4.3. Dwarf Galaxies as Tests of the Simple Model

The simple model of galactic chemical evolution, discussed in Section 3.5, was originally designed for dwarf irregular galaxies like I Zw 18 (Searle and Sargent 1972). Thus it is natural to compare their properties with the predictions of the model, such as the expected linear relation between metal abundance, Z, and ln(Mtot / Mgas). In order to make such a comparison, it is necessary to measure both Mtot and Mgas, which is not easy to do for these faint, low-mass systems. Observations are made of the 21 cm H I emission; its intensity yields the mass of interstellar gas; the total gravitational mass can be inferred from the line-widths. Studies of this type have found that the dwarf galaxies tend to fall near the expected relation but with a fairly large scatter (Lequeux et al. 1979; also see Figure 3.3 of Pagel 1987). The fact that I Zw 18 in particular falls very far from this relation, with far too low a gas fraction for its low metallicity, has frequently been noted (Skillman et al. 1988b). The total masses of these galaxies are somewhat uncertain, however, due to the possible unobserved presence of molecular gas, and issues regarding the dynamics of these systems (e.g. Gallagher and Hunter 1984; Skillman et al. 1988a; Hoffman et al. 1989). Furthermore, these small galaxies might not be closed systems, but might experience infall of primordial material or the loss of metal-rich supernovae ejecta which more easily escapes their weak gravitational fields (Larson 1974; Larson and Dinerstein 1975).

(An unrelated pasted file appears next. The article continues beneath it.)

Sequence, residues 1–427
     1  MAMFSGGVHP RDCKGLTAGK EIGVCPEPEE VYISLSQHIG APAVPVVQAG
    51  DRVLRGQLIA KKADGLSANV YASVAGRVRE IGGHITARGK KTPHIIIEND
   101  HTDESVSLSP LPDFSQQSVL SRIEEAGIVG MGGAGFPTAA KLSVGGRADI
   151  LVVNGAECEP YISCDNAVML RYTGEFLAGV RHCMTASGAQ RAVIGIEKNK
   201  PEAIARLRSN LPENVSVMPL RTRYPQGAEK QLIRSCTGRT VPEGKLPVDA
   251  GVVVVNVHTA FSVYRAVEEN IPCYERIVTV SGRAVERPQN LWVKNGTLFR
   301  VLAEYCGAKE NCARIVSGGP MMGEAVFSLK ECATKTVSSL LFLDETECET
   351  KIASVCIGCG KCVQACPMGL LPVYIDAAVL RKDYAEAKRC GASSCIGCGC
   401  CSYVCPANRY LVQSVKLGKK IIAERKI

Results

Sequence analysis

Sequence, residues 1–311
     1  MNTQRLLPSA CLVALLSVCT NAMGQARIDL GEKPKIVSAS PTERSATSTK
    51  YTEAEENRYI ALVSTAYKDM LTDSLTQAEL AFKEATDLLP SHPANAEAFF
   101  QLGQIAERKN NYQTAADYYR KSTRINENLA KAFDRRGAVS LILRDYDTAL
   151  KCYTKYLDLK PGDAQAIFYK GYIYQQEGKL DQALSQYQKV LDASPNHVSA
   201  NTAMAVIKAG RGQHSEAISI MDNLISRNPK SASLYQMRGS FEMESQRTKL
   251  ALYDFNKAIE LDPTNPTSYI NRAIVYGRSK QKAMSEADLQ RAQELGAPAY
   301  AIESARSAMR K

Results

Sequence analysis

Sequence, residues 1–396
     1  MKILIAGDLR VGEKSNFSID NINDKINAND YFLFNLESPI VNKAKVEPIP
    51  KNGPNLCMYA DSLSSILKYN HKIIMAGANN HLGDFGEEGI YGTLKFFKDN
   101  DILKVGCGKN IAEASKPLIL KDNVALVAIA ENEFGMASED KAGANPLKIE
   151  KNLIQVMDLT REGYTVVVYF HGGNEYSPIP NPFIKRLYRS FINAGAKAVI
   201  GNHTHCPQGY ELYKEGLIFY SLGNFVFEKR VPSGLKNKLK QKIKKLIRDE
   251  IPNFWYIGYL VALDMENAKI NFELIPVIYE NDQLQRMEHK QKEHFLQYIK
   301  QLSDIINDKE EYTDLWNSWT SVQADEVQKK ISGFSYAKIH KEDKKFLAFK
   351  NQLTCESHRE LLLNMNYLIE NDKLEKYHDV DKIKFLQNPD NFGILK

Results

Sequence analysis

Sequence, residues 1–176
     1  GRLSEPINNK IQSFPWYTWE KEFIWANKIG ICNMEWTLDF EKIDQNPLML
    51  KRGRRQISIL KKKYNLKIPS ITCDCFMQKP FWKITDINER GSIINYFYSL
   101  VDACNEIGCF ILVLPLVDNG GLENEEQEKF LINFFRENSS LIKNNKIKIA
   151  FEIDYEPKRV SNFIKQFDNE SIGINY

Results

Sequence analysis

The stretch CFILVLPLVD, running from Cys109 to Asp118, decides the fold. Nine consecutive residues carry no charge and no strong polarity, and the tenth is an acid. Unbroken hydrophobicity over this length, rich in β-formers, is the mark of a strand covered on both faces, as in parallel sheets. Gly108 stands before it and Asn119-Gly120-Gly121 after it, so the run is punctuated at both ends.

4.4. Dwarf Galaxies and the Extragalactic H II Region Sequence